02
Mar 10

MS: Be Careful With Those Function Keys

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Microsoft Corp. has a message for Windows 2000, XP and Server 2003 users: If you browse the Interwebs with Internet Explorer 6, 7, or 8, take care to ignore any prompts that ask you to hit the F1 key on your keyboard, as doing so may be unhealthful to your PC.

It turns out that there is a security flaw in the way these operating systems + browser versions process “Windows Help files” in such a way that is entirely unhelpful. That is, clicking on the F1 key when presented with a specially crafted pop-up box prompting you to do so could allow criminals to download and install malicious software to your computer.

Thankfully, most Windows users are more likely to locate the “any” key on their systems before they realize that the “Function 1″ key is but the first of 12 such keys situated just above the left-to-right number keys on the standard Windows keyboard. Indeed, most Windows users’ first experience with these function keys is when something goes wrong with Windows.

In a security advisory issued Monday, Microsoft said it may at some point issue a software update to address this shortcoming. Redmond’s advisory on this topic is available here. The organization responsible for this warning — Polish security firm iSec Security Research — has a bit more information here on the ins and outs of this bug.

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12 comments

  1. Hopefully so, but I’m sure this could only cover the function key; OEMs put their own help key on a lot of boards, for their own windows help file.

    I’m always hitting that infernal thing, as it is placed right where I grab my keyboard.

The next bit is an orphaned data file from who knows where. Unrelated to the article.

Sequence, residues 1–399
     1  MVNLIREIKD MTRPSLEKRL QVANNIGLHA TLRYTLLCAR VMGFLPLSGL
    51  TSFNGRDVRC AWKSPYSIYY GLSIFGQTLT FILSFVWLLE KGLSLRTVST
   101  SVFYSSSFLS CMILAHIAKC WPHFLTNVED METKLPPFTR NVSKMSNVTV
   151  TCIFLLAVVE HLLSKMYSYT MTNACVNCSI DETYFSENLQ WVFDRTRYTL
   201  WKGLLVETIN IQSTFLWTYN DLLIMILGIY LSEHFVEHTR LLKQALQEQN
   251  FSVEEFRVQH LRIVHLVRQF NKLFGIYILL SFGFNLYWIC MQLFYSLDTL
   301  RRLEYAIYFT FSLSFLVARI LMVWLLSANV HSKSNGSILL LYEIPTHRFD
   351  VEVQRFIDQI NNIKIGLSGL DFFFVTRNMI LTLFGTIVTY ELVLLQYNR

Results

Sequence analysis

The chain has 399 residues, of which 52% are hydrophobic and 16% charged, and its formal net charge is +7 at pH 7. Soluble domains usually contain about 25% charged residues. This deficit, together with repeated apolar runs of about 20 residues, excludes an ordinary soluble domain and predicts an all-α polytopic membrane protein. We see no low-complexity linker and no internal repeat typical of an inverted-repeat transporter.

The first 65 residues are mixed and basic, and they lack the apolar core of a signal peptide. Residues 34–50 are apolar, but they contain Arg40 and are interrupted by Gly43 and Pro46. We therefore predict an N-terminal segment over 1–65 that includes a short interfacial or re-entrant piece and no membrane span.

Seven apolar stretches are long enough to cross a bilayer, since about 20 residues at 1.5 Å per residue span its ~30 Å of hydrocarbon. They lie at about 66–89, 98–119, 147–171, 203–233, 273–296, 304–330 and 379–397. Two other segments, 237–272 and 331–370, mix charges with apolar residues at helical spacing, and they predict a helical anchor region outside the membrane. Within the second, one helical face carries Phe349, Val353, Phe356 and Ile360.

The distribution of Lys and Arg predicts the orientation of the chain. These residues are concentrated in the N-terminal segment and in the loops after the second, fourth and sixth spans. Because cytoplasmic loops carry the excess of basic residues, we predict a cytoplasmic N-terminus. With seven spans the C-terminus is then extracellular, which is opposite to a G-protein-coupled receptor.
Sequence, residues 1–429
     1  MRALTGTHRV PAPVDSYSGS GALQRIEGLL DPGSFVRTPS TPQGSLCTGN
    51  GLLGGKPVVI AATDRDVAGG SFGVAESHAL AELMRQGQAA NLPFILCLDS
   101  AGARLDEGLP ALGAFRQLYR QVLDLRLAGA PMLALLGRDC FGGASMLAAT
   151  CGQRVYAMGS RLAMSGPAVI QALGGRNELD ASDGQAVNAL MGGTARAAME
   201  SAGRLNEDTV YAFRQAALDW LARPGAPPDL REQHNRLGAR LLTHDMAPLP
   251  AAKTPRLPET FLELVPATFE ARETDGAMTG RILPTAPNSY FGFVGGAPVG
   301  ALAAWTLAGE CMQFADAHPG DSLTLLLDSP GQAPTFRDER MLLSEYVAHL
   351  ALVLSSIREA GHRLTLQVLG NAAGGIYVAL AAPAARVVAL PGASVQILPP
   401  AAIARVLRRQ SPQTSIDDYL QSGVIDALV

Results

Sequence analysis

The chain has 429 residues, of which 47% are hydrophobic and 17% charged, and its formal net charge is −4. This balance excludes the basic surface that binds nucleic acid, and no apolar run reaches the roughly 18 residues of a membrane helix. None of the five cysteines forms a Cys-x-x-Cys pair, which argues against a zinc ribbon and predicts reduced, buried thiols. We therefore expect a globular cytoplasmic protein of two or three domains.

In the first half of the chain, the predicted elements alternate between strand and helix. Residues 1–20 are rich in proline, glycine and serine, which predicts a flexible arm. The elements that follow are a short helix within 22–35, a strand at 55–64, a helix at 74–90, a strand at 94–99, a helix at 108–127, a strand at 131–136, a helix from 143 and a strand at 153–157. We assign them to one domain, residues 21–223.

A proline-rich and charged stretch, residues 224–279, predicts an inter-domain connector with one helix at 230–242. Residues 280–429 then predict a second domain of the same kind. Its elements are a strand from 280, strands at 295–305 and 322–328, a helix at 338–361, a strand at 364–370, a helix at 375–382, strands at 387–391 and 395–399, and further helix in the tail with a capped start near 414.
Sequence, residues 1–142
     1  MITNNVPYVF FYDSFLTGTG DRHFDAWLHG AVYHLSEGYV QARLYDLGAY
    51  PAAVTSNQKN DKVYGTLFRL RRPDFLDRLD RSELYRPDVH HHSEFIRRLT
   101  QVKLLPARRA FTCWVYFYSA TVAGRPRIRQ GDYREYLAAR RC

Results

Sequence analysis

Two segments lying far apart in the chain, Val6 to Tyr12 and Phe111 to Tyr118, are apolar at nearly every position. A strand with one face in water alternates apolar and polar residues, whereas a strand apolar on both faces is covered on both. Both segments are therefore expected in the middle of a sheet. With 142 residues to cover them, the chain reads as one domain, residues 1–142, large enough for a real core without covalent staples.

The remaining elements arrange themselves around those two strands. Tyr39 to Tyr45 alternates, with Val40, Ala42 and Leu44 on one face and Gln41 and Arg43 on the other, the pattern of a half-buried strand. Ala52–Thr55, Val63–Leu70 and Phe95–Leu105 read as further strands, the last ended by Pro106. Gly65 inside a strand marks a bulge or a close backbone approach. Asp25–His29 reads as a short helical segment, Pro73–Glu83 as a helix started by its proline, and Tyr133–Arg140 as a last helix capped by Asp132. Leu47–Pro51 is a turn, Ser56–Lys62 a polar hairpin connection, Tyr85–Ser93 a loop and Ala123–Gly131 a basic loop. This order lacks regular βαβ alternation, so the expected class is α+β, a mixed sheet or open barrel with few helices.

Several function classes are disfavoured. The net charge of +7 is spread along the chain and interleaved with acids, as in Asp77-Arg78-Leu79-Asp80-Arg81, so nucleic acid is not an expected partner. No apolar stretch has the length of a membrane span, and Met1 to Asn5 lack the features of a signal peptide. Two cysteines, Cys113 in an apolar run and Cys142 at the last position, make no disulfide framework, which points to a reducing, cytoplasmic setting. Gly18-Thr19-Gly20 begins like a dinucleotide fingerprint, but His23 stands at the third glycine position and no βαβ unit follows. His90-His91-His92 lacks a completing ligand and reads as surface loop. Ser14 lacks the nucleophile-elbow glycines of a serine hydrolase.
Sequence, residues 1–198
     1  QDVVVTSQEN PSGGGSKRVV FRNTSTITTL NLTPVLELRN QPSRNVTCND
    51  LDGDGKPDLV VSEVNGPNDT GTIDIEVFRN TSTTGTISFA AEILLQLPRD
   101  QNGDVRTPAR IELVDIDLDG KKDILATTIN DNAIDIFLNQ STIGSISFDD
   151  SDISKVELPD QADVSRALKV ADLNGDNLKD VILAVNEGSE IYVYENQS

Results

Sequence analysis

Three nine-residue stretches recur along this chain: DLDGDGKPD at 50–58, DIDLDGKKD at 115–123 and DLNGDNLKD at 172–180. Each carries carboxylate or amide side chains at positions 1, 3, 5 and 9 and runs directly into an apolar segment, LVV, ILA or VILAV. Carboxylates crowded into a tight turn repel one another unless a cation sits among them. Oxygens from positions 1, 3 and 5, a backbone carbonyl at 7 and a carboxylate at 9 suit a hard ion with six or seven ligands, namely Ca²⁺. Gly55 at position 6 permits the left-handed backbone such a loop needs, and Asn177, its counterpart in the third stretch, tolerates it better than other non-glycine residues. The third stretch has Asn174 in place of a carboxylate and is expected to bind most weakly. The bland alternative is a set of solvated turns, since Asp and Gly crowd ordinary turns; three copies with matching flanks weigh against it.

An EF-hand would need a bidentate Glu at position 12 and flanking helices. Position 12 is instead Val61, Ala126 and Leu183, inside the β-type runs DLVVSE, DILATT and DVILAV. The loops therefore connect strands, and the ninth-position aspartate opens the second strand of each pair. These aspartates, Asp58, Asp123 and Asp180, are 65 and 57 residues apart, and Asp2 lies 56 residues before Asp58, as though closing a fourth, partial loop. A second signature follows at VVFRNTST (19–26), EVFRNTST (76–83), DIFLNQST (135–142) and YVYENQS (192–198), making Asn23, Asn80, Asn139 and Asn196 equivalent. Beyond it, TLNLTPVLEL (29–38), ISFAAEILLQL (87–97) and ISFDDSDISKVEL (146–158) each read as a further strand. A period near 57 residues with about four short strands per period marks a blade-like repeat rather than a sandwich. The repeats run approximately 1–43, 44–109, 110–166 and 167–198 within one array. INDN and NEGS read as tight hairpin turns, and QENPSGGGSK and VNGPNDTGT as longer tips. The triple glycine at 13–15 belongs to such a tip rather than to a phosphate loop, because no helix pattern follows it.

If I saw such a pop-up, it would be just like me to accidentally push that key just for being startled!

  2. I think I’ll send this to my co-workers today (very small business with no IT dept.). I can see this trick fooling lots of people.

  3. Heh, the “any” key. Good one. I’ve taken many a support call in the past where the user asked, “Where is the “any” key?” Seriously! And it’s these types of users who will, like lemmings, be easily fooled into pressing the F1 key while browsing the web. Seriously, if you’re that gullible there’s nothing anyone can do for you.

    Now if you’re follwing best practice and using a defense in depth strategy which includes running as a n0n-admin (limited user), and you fall for this trick, the damage to your system will be limited to the logged in user and not compromise the entire system. Thus the reason it’s one part of a layered defense. Anyway, I’m preaching to the choir.

  4. I’m with JCitizen… trying to think of the last time I purposely hit F1. I probably hit it a few times a week by accident.

  5. Thank you CyberNorris;

    I hate the way OEMs design these keyboards! I don’t work at a desk, so my wireless keyboard is all over the place, and they put the buttons right where I reach every-time! I’ve disabled most of them.

  6. loved that timeline on the isec page, wonder why it remained discovered but undisclosed so long and is now revealed?

  7. “clicking on the F1 key”

    How does one “click” a keyboard key? ;)

    (Unless you run the On-Screen Keyboard from Accessibility features)

  8. Hmm, so they “good news” is that nobody hits F1? It seems the “sandbox” of IE is leaking everywhere. Where I work every training course emphasises hitting F1 as it is usually context senstitive to where the user is in an application, where the “Help” is not. And in Access and Excel, in VBA and in macros it is the “go to” tool. It takes the burden off the helpdesk as well with routine questions, and as stated previously we also have modified some of the helpdesk reponses for user with company specific info. So MS, this is a biggie.

    • I don’t see how this is a big issue. It requires user interaction where someone has to be duped into pressing the F1 key while browsing an Internet website that has this malicious payload. I know, I know, end users do these things all the time. But, you can’t protect everyone from everything 24/7. There has to be some personal responsibility/critical thinking taking place by the end user. If you’re browsing an INTERNET website (not Intranet -read internal), why would you EVER press the F1 key just because the website asks you to? This is one of those issues where it comes down to the person behind the keyboard.